Last week a number of solar super stars on twitter decided to discuss how we can mainstream solar. The conversion happened on twitter.
I’m not going to give a recap or discuss what we talked about, you can find great recaps on the #solarchat here on EcoOutfitters by @ecoOutfitters or Renewable Energy World by @solarfred.
While I was watching the stream of tweets there were three things that really struck me about how well the solar industry is developing. After all, I don’t notice the geothermal crowd having #geochats.
1. The solar industry is getting organized, really organized. You can see this in how potentially bad stories have been turned around by the solar industry rather quickly.
- Solyndra’s failure was due to the success of the solar industry
- Bill O’Reilly can’t find a solar installer in Long Island? Yah right.
- The response to Xcel cutting rebates in Colorado and getting them to reinstate the incentives.
2. The solar industry is constantly looking to improve. If there is one industry in the US that appears to have EVERYTHING going for it, it’s the solar industry. It’s the fastest growing, costs are dropping, public support and interest are at an all time high. Yet, people are still connecting over twitter to discuss what more needs to be done. Why is this important? Many of the critical relationships between vendors, experts and influeners are being formed so that the industry can learn faster, and respond to change more quickly. This is great news.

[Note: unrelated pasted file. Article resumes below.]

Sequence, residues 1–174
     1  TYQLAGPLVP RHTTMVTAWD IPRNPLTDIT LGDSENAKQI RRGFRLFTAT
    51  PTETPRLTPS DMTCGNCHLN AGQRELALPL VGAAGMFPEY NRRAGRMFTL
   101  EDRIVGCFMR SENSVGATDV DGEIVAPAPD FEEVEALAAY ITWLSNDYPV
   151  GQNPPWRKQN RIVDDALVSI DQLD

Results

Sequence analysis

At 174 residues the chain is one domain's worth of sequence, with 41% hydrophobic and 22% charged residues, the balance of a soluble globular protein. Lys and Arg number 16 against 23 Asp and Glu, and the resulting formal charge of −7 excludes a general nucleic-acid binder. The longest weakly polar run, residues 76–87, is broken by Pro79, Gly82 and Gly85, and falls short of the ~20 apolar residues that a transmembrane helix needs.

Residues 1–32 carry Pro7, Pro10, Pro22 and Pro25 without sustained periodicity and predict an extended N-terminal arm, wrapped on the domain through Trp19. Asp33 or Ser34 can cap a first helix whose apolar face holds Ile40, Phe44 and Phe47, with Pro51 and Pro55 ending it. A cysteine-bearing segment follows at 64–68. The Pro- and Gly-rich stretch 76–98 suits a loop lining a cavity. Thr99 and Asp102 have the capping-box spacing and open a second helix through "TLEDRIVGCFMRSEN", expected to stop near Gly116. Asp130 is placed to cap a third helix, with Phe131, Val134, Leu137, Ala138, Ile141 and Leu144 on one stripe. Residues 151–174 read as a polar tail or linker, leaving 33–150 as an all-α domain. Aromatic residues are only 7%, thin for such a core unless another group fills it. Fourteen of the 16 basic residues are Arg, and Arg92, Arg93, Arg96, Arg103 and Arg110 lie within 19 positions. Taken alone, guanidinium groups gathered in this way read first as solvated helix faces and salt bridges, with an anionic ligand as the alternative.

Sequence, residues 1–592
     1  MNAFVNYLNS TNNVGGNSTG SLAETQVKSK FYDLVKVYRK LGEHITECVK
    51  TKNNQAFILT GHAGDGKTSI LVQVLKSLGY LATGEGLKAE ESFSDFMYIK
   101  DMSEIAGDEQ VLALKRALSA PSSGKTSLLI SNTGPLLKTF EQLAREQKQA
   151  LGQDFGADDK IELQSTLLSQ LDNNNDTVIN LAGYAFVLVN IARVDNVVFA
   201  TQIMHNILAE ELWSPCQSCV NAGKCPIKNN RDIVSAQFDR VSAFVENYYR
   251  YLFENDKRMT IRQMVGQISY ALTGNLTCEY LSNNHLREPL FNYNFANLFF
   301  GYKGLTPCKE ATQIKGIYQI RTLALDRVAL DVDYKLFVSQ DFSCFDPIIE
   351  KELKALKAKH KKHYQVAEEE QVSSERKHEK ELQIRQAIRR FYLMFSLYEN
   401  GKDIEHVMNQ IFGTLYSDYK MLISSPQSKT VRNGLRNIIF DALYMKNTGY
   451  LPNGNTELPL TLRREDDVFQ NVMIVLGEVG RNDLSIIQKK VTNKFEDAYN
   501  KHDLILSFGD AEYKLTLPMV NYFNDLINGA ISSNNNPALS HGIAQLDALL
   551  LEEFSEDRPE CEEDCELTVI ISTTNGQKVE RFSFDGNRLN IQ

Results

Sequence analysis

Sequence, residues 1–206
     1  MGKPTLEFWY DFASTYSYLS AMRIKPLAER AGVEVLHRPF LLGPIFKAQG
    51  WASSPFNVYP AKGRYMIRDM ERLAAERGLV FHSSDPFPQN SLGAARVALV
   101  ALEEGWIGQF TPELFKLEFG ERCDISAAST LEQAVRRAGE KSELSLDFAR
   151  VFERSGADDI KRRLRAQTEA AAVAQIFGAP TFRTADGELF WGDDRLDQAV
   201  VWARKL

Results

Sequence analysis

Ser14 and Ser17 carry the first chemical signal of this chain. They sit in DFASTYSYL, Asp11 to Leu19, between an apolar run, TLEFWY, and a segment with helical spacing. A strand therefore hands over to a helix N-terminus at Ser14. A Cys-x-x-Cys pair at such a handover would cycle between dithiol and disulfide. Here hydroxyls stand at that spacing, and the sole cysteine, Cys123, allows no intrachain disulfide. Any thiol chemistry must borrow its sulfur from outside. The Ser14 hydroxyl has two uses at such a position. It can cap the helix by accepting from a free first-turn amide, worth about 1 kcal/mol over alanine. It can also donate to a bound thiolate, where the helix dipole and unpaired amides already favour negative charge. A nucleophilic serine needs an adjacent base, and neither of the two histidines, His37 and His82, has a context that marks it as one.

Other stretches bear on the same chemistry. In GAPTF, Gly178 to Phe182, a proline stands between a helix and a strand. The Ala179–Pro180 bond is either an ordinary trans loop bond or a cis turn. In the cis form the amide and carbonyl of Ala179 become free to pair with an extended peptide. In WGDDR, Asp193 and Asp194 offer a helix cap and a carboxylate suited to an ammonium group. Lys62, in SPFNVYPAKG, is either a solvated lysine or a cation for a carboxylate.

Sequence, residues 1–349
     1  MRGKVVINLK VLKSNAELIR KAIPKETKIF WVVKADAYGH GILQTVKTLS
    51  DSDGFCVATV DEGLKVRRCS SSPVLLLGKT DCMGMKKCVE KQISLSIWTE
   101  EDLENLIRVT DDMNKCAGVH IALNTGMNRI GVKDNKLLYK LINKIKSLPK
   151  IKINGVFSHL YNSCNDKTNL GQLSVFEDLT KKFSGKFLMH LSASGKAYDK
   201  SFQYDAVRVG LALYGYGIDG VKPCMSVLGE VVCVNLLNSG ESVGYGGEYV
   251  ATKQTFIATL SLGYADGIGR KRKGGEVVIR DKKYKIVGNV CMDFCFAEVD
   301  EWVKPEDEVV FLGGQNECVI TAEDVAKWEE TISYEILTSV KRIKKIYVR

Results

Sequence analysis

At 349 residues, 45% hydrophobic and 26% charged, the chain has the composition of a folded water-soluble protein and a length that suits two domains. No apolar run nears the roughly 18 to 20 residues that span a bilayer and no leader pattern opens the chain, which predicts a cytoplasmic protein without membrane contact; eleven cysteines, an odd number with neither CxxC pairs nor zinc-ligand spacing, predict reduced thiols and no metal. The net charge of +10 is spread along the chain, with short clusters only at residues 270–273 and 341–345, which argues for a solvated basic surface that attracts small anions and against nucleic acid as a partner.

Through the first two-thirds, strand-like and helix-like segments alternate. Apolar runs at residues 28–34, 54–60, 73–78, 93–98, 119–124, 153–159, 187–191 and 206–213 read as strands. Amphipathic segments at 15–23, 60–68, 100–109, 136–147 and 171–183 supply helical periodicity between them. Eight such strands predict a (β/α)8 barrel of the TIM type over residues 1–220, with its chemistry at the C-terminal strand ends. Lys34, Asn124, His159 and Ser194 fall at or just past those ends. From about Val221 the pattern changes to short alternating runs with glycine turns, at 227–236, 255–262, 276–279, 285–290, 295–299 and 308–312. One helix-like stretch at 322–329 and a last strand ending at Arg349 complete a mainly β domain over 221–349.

3. The solar tribe is loud, vocal, and visible. Why is solar getting more attention then other technologies that are more efficient (from a technical perspective) like solar thermal or geothermal heat pumps, or more cost effective (like energy efficiency.This is some the technologistics have a hard time understand about the solar industry and it’s something has quiet a few answers to it. One of the largest is simply visibility. The solar crowd is loud! The people that love solar REALLY LOVE solar and they’re not afraid to show it, talk about, invest their own time in finding and organizing solar lovers. I’ve found lot of people who work in the geothermal or energy efficiency but even they do not promote the technology as hard core as an amateur who does it because they love the technology, not because they’re getting paid.